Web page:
Trump’s philosophy is not Jacksonian or Wilsonian : he is in a class of his own where the ‘what is good for Trump’ is the primary concern, and concern from the ‘establishment’ a distance second. What happened to Qatar shows this : Trump simply threw his military and foreign affair advisers under the bus and clinched a deal with Saudi to makes him look good. It is all about Trump, not US national interest.

    • migtronixMEMBER

      Right, so it’s good for Trump, a 70 year old billionaire, to have his and his family attacked everyday? But Obama off giving million dollar speeches? I guess he was just Clintonian

    • Exactly this. And even if one made the argument that these mixing schools were part of the tradition of the people who put him into office, it still fails the sniff test. All the man does is post on twitter and think that he’s the CEO of his own company. This is not what a great many of his constituents expected. He’s more Republican than the Republicans. And that’s not what the electorate wanted.

    • Exactly. He is an irrational man who couldn’t begin to comprehend a rational foreign policy.

  7. China has stated emphatically that they will defend Nth Korea if the US attacks. A hot war in the region would see the United States obliterated in weeks. Absolutely nothing they could do short of nuclear options.

    That said it’s entirely in China’s interests to see North Korea eradicated – the Chinese would immediately impose themselves right to the border with South Korea annex the entire country and the US would be no better off – outside the show of force.

    The US military and CIA know all of this and have absolve ZERO interest in engaging in a hot war with China in the region in what would be an absolutely catastrophic humiliation and shift he global power balance forever.

    So what is going on here ?

    The same thing which happens on a weekly basis – and muppets line up with their incredibly moronic theories. Fact is – this is purely about a show of force for domestic politics to look tough.

    Trump is at war with Nth Korea (or was it Venezeula, or Syria, or Qatar, or Yemen, or Afghanistan, or Iran – I forget, because he has declared war against all of them in the past few months each time there is a domestic issue) – at war with North Korea for ONE SINGLE REASON – domestic support – anyone who questions Trump – is now questioning a leader at war with North Korea – and is a TRAITOR.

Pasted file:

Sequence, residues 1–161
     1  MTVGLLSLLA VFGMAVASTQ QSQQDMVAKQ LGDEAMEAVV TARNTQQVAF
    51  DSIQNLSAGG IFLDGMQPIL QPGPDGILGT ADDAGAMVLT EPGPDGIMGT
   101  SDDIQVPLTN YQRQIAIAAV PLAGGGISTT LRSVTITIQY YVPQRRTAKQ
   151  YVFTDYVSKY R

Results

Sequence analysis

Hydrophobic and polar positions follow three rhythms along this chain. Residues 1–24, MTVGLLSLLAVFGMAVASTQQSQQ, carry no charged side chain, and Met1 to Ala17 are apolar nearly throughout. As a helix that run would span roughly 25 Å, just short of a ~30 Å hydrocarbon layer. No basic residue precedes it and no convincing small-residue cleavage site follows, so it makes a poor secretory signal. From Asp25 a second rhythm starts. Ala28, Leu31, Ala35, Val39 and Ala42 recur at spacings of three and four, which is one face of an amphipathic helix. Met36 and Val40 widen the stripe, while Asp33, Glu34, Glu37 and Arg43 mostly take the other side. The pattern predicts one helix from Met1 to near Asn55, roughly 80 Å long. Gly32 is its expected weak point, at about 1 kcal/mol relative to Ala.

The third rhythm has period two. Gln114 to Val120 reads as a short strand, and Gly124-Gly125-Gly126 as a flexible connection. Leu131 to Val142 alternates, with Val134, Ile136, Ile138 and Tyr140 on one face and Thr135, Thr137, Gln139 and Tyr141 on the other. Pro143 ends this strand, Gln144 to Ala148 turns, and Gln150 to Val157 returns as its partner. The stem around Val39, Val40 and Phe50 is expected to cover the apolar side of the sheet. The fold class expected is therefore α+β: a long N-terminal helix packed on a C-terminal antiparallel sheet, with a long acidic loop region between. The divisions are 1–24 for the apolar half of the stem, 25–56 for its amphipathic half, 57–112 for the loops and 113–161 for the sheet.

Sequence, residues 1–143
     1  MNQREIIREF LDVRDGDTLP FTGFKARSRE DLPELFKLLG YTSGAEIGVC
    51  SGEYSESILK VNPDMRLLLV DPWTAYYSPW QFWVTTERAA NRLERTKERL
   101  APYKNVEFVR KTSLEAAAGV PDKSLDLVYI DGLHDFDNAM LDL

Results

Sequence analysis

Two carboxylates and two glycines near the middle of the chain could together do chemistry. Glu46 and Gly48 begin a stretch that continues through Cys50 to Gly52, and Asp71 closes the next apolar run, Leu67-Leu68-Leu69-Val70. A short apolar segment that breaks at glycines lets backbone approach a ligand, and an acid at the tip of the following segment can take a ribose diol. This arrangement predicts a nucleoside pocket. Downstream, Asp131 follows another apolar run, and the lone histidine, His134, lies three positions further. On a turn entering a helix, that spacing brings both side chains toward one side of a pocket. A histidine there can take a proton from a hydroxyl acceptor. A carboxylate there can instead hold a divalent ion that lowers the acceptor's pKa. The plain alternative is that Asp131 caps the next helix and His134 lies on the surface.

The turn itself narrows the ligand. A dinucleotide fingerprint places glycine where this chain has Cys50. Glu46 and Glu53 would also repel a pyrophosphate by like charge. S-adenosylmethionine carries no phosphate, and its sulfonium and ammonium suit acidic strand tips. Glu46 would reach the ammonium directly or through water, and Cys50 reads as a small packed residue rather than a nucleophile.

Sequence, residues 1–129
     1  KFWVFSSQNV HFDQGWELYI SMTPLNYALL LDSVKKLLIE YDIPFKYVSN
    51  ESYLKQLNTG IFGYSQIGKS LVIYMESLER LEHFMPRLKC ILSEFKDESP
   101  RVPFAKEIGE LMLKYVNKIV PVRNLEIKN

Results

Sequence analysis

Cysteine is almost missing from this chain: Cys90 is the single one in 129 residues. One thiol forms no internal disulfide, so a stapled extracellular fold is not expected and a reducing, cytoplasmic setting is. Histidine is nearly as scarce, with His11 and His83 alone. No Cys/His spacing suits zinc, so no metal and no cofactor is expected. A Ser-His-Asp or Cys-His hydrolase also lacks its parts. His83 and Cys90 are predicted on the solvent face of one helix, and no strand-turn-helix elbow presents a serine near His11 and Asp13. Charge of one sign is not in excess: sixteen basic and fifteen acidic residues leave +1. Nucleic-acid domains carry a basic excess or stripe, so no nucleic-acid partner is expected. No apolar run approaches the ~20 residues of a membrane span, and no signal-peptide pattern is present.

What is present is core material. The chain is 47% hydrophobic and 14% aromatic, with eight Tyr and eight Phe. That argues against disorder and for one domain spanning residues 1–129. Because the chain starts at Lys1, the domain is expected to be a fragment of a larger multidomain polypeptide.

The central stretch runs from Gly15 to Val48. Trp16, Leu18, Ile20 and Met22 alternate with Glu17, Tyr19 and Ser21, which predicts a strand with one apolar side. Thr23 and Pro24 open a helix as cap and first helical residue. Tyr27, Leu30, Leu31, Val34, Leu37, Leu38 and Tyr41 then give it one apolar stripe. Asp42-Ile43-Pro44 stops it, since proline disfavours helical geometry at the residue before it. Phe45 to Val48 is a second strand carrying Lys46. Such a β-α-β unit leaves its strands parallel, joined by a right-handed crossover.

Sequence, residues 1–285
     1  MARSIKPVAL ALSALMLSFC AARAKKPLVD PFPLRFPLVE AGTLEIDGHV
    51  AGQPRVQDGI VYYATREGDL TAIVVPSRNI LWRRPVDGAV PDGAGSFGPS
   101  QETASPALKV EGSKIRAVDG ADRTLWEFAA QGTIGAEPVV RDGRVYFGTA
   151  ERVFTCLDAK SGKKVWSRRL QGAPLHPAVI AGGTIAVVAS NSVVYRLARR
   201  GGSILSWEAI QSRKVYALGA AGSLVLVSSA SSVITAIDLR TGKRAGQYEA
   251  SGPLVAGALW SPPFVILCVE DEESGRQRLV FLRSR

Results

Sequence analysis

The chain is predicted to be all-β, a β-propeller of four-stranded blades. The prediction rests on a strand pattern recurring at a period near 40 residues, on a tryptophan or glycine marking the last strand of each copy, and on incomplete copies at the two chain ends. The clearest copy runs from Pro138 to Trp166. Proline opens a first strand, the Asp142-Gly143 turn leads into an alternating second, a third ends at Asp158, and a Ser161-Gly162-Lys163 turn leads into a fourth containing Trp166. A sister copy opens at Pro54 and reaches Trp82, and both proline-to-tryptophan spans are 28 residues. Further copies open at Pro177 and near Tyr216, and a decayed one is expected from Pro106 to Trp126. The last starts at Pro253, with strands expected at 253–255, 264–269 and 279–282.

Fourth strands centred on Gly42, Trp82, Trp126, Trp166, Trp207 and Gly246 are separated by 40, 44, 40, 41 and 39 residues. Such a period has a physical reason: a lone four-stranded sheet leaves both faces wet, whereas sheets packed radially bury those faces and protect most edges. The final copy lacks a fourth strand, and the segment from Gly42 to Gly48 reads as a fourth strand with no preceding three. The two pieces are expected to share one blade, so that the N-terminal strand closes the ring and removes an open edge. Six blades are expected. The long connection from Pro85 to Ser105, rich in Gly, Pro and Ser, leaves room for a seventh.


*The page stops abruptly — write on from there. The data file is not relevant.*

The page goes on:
The whole “i want to sound smart with my jacksonian / wilsonian” rhetoric is just absurd and belongs on


    Honestly the Diplomat is embarrassing enough – no need to infect the rest of the internet with it.


    • Who’s the dope? Trump hasn’t declared war on anyone. And the US obliterated in a hot war within weeks? Give me some of what you are smoking. Aren’t you the guy with multiple degrees? Snigger.

      • C.M.BurnsMEMBER

        Multiple degrees, numerous account names and a raging hard-on for China that just won’t go down no matter how much it’s stroked.

      • migtronixMEMBER

        Multiple degrees including master in international relations – if you can believe that… Leviathan is a character…

      • Hey look at me – I can totally ignore what people said, then just make up my own narrative and attack that and try and de-ligitimize the person without ever addressing the points.

        A hot war in the region would see the United States obliterated in weeks.

        Yes – they absolutely would. Do you think an aircraft carrier – or even two – off the coast of China is going to stand up to the entire might of the Chinese military ? Are you smoking crack ? What a completely fucking absurd proposition.

        Yes – China would wipe the US clean off the board IN THE REGION.

        No ifs, no buts, no maybe’s.

        As far as Trump “declaring war” – where did I say that ? Seriously – you are totally absurd. The implication is that Trump is engaging in a verbal stoush with North Korea.

        You really are a moron.


        And yes – I have degrees in Economics, International Relations, Political Theory and Philosophy. So what.

        If that means I don’t sit there chanting USA, USA, USA like some feckless fucktard – then good for me.

        My views on China are based on their military capability, their manufacturing capability, their history, their socio political command economy and a plethora of other factors.

        There are plenty here who just think the same thoughts they did 10 years ago – that its a country of patent infringers and the USA is some untouchable jedi force.

        There really are some knuckle dragging buffoons around here.

      • Ronin8317MEMBER

        Why would the US fight a war with China with aircraft carriers? There are already bases in South Korea and Japan, and then there is Taiwan. US troops will invade and take over Taiwan, install a puppet government that declares independence, and China will exhaust itself trying to recapture it. India will be involved by instigating rebellion in Tibet , and Xinjang will ‘suddenly’ have a ‘liberation army’ of ‘moderate Mulsim beheaders’ trying to impose a Caliphate. A land invasion is pointless : the strategy is to force China to wear itself out fighting war on its own soil.

      • Not so fast George, America can park their 10 Aircraft carriers around China and slap them 24 hrs a day for however long they like whilst her people live relatively normal lives back home.

        Not to mention all of her bases around Asia.

      • migtronixMEMBER

        FFS when was the last time the US attacked anyone that features heavily in their supply chain?

      • Just goes to show how utterly dopey you can be and accrue degrees presumably from likeminded professors.

    • innocent bystander

      how Boolean of you

      “… As far as Trump “declaring war” – where did I say that ? Seriously – you are totally absurd … “

      “… because he has declared war against all of them in the past few months each time there is a domestic issue …”

    • Good for Manhattan. It was approaching Australia as unlivable when I went there last month. The USA is importing inflation that it exported with QE.